Every Christmas, for many years now, I have been baking these traditional Springerle German biscuits. They date back as far as the 14th century (I just Googled it – I haven’t been making them that whole time.). The original old recipe flavours this biscuit with anise extract but we are not big fans of that taste so I add vanilla extract instead. The vanilla gives these biscuits a delicious flavour. The name Springerle refers to the “spring” in the dough as it rises up so nicely.
I bought my German Springerle roller online years ago and I really love it. It is wooden and has images of flowers and birds. I also really like that it prints onto the pastry in squares so it makes cutting them up to put on the tray really easy. When I roll it onto the dough I always roll the dough our with a normal rolling pin, then lightly flour the dough and press evenly with my Springerle roller using my hands on the roller itself. I don’t use the handles because I find I can’t distribute the pressure as evenly. You can also find Springerle boards instead of rollers. If you don’t have either of these, you could just cut shapes out of your dough. They will work just as well.
- 4 eggs
- 3 3/4 cups icing sugar (confectioners' sugar)
- 2 tsp vanilla extract
- 4 cups Plain flour (sifted) - note, you may need to add more to get the consistency of the dough right. I just start with 4 cups and add more if I need to.
- 2 tsp baking powder
- In a large bowl, beat eggs until light with an electric mixer on high speed.
- Reduce speed and add the vanilla extract and icing sugar. Continue beating a medium speed until well combined.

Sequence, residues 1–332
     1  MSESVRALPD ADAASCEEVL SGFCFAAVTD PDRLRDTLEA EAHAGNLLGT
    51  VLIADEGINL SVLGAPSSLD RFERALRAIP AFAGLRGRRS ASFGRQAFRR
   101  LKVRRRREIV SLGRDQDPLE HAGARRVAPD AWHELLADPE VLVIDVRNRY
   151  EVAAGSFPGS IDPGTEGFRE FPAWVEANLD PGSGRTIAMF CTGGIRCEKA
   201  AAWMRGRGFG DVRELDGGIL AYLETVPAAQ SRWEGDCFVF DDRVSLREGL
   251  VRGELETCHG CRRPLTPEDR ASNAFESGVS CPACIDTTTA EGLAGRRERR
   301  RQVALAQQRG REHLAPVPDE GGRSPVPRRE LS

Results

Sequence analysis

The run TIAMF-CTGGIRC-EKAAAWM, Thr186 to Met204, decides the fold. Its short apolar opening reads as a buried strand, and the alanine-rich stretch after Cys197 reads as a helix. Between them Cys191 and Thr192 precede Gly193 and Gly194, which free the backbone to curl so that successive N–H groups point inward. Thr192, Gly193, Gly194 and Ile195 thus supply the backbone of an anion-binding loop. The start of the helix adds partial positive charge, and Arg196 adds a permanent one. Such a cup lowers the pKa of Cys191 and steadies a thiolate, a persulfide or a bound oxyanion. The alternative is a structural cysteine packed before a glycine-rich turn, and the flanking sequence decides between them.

- Sift together the flour and baking powder; stir into the egg mixture. The dough will be stiff.
- Tip dough out onto lightly floured board. Knead until smooth.
- Roll dough out to 1 cm thickness. Lightly flour the dough surface.
- Imprint with a springerle roller and cut apart. Place biscuits onto a lined baking sheet and let rest uncovered overnight.
- The next day, preheat oven to 175 deg C (350 deg F).
- Bake biscuits for 7-10 minutes. (They will rise up underneath)
You will see that the recipe requires that you leave the cut biscuit dough uncovered on the trays overnight. This is a weird instruction but I always do it and I think it’s the secret to a good Springerle biscuit.
These Springerle German biscuits make lovely gifts for friends or the kid’s teachers. They are a bit special and unique.
You don’t have to be German to give these a try! (You could even experiment with different flavours. I’m sure orange extract or cinnamon would also work – although I haven’t tried it – we love the vanilla). Make these as something special this Christmas. They might just become a new traditional baking treat in your house.